Last month, OSHA announced plans to inspect 4,000 workplaces it has deemed "high hazard" pursuant to its Site Specific Targeting 2001 Compliance Directive.
The 2001 directive targets those establishments in certain industries that have what OSHA deems are high injury and illness rates.
Those industries targeted include nursing homes; general medical and surgical hospitals; manufacturing facilities; courier services; warehousing facilities; grocery, packaged frozen food, meat product and beer and wine facilities; and trucking facilites.
Labor attorneys at the Arent Fox Group in Washington, D.C., advise employers that advance preparation can significantly limit the liability that may result from an OSHA inspection while minimizing disruption to production.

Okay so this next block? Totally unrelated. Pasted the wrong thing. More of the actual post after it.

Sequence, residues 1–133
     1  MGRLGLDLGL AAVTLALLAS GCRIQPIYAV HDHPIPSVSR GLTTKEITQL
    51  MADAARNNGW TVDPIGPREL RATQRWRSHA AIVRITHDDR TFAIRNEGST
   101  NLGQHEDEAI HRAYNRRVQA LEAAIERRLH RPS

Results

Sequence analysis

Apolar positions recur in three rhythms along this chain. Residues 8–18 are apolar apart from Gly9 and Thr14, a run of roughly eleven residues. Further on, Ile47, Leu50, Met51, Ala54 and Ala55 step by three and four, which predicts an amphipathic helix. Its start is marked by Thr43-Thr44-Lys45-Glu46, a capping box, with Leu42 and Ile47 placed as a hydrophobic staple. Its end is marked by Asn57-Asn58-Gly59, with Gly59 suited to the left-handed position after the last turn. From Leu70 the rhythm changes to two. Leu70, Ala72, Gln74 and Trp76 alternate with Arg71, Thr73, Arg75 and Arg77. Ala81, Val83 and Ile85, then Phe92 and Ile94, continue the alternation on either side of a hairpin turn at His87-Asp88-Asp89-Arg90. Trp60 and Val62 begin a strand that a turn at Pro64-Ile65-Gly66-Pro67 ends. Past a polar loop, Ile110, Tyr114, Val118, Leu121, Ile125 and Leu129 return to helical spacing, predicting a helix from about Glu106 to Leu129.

Companies should consider taking the following actions:
- Determining the reason for the high injury and illness rate and addressing any problems prior to the inspection;
- Auditing significant safety and health programs to evaluate compliance and take corrective actions prior to the inspeciton;
- Educating key managment on the inspection process and strategies to minimize liability, including the employer''s rights during an inspection; and
- Training supervisiors and safety personnel in techniques to effectively handle an inspection such that liability and production distruption are minimized.
by Virginia Foran